From the Office of State Senator Rodney Ellis

For Immediate Release
March 19, 1997
Contact: Rick Svataro, (512) 463-0113

Ellis Wins Senate Approval of Program to Train Welfare Recipients as Child Care Providers.

AUSTIN, Tx. -- State Senator Rodney Ellis (D-Houston) today won Senate approval for a proposal (Senate Bill 213) that would create a pilot program to train welfare recipients as child care providers. Based on a Texas Performance Review proposal by Comptroller John Sharp, the legislation would direct the Texas Workforce Commission to certify day-care facilities licensed by the state as child care training centers for recipients of public assistance.

"Federal welfare reform passed in 1996 requires Texas to find work opportunities for thousands of additional recipients of public assistance and increase child care capacity," said Senator Ellis. "Training welfare recipients as child care providers will help us achieve both of these goals."

According to Ellis, other states such as California, Georgia, Massachusetts, New Jersey, Pennsylvania and Virginia have created similar programs to recruit and train welfare recipients as child-care providers. Ellis said his legislation is based on successful programs in other states.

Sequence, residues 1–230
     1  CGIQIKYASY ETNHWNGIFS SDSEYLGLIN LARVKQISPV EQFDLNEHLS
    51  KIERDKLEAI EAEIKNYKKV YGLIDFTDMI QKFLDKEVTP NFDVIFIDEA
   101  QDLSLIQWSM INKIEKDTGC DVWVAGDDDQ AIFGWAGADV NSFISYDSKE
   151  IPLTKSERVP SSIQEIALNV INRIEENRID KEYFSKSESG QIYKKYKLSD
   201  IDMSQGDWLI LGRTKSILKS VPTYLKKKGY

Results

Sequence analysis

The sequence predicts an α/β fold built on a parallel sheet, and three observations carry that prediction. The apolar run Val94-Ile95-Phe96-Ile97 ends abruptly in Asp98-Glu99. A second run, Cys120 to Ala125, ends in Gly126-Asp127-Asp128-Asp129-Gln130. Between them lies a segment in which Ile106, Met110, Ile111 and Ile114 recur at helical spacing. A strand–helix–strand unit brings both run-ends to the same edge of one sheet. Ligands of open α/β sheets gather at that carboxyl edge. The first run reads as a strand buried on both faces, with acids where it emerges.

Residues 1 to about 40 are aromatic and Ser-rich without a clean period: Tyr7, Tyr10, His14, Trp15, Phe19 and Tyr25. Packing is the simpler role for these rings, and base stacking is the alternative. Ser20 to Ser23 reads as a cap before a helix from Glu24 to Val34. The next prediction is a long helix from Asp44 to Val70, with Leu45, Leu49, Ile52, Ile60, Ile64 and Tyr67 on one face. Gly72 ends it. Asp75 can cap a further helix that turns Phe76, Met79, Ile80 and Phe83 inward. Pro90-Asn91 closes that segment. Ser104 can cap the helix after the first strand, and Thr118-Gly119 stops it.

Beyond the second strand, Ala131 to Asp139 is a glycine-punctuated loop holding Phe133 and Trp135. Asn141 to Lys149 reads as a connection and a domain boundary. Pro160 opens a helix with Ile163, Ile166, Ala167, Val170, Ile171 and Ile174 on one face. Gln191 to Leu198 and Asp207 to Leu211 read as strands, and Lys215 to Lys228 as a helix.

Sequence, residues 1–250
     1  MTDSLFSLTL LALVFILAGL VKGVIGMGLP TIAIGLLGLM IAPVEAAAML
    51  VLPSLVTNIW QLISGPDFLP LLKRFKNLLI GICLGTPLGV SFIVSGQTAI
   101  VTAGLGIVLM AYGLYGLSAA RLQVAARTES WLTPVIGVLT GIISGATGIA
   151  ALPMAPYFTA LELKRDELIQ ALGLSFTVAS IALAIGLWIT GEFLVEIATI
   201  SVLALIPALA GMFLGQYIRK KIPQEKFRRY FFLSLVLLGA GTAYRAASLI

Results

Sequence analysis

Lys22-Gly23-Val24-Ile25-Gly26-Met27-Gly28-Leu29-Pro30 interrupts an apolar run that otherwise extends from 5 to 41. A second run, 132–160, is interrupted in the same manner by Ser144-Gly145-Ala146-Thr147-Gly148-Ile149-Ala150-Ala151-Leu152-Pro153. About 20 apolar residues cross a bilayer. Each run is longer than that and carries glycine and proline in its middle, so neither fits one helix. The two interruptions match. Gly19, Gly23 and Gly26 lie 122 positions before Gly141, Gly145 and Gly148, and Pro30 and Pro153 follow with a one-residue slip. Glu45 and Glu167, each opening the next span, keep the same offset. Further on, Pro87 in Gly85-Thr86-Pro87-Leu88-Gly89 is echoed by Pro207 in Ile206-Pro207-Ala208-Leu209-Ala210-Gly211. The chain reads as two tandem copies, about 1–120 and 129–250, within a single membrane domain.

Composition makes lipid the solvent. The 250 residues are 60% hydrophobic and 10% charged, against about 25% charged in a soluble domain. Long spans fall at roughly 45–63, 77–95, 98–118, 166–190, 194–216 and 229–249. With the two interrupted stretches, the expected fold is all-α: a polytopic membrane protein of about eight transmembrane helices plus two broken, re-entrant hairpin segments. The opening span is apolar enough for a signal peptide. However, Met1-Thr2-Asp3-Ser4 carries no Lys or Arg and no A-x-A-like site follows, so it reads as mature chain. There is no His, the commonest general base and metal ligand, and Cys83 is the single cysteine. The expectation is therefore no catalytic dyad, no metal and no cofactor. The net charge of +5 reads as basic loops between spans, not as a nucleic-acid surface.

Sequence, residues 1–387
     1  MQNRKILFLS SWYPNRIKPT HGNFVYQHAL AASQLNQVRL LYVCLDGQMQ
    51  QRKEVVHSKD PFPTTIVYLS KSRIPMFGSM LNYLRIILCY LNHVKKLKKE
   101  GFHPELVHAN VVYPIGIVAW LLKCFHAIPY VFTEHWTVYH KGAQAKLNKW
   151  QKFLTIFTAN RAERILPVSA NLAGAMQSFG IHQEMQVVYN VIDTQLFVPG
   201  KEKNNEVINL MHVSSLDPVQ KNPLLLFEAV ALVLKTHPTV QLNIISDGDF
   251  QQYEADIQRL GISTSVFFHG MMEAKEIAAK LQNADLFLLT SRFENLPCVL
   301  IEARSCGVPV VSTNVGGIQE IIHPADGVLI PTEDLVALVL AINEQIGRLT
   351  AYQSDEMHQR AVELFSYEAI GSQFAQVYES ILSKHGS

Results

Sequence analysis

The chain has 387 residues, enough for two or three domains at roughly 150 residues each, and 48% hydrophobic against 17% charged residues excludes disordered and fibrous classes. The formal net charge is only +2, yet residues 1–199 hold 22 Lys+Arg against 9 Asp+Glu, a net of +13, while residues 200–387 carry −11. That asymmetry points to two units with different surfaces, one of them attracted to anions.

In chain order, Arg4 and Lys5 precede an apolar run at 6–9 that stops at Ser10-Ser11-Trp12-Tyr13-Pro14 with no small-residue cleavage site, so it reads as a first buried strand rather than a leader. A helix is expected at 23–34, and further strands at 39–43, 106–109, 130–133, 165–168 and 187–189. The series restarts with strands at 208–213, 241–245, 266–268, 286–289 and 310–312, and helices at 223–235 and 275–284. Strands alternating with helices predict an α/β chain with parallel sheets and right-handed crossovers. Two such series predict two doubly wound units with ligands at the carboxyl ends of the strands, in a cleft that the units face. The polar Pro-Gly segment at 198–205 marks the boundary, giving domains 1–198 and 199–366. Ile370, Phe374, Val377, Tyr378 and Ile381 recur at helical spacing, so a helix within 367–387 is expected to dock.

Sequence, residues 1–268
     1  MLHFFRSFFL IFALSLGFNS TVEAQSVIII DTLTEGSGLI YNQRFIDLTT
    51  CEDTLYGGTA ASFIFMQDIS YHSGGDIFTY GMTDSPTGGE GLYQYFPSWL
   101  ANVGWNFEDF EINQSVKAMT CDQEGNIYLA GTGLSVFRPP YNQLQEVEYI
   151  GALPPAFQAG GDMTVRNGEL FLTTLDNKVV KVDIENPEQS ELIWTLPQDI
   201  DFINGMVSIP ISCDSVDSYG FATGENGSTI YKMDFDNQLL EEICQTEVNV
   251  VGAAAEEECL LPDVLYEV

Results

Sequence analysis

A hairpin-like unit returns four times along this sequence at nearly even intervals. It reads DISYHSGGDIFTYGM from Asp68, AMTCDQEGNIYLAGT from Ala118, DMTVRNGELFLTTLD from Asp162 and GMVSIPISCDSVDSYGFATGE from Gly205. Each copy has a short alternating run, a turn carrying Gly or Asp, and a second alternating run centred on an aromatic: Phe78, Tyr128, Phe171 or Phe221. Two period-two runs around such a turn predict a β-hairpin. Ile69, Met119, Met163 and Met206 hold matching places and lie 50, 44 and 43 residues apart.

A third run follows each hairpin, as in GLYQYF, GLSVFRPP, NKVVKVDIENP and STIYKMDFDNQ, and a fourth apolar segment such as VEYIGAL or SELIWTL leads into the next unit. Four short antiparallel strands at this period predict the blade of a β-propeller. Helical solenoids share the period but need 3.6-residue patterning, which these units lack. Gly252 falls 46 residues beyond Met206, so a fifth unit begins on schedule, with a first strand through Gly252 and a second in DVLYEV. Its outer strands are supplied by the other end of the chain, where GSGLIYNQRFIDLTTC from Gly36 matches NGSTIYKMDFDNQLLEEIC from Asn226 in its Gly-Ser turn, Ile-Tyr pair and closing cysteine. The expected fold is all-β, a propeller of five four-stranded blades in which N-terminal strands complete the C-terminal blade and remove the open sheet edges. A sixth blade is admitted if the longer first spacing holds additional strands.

"The Texas child care training pilot program is designed after successful programs in other states," Ellis said. "To help ensure long-term success for participants, the Texas pilot program will carefully screen recipients to identify those with the aptitude for child-care work, offer training in early childhood education and business management, and provide additional support to help trainees launch their own child care businesses."

Texas Child Care Facts:

According to the Texas Comptroller of Public Accounts, child care is the third fastest-growing occupation in Texas. Child care employment is expected to rise by 33,300 jobs or 32 percent between 1993 and 2000.

Working Mother Magazine reports that 2.8 million Texas children under the age of 18 have both parents -- or their only parent -- in the workforce. By the year 2000, 70% of preschool-age children will have working mothers.

Projected number of eligible children on waiting lists statewide for child care services: FY 1997 - 33,566; FY 1998 - 34,753; FY 1999 - 35,490 (Source Legislative Budget Board)

"Improving access to affordable, quality child care expands opportunities for children, supports parents in the workplace and helps build a stronger economy," Ellis said.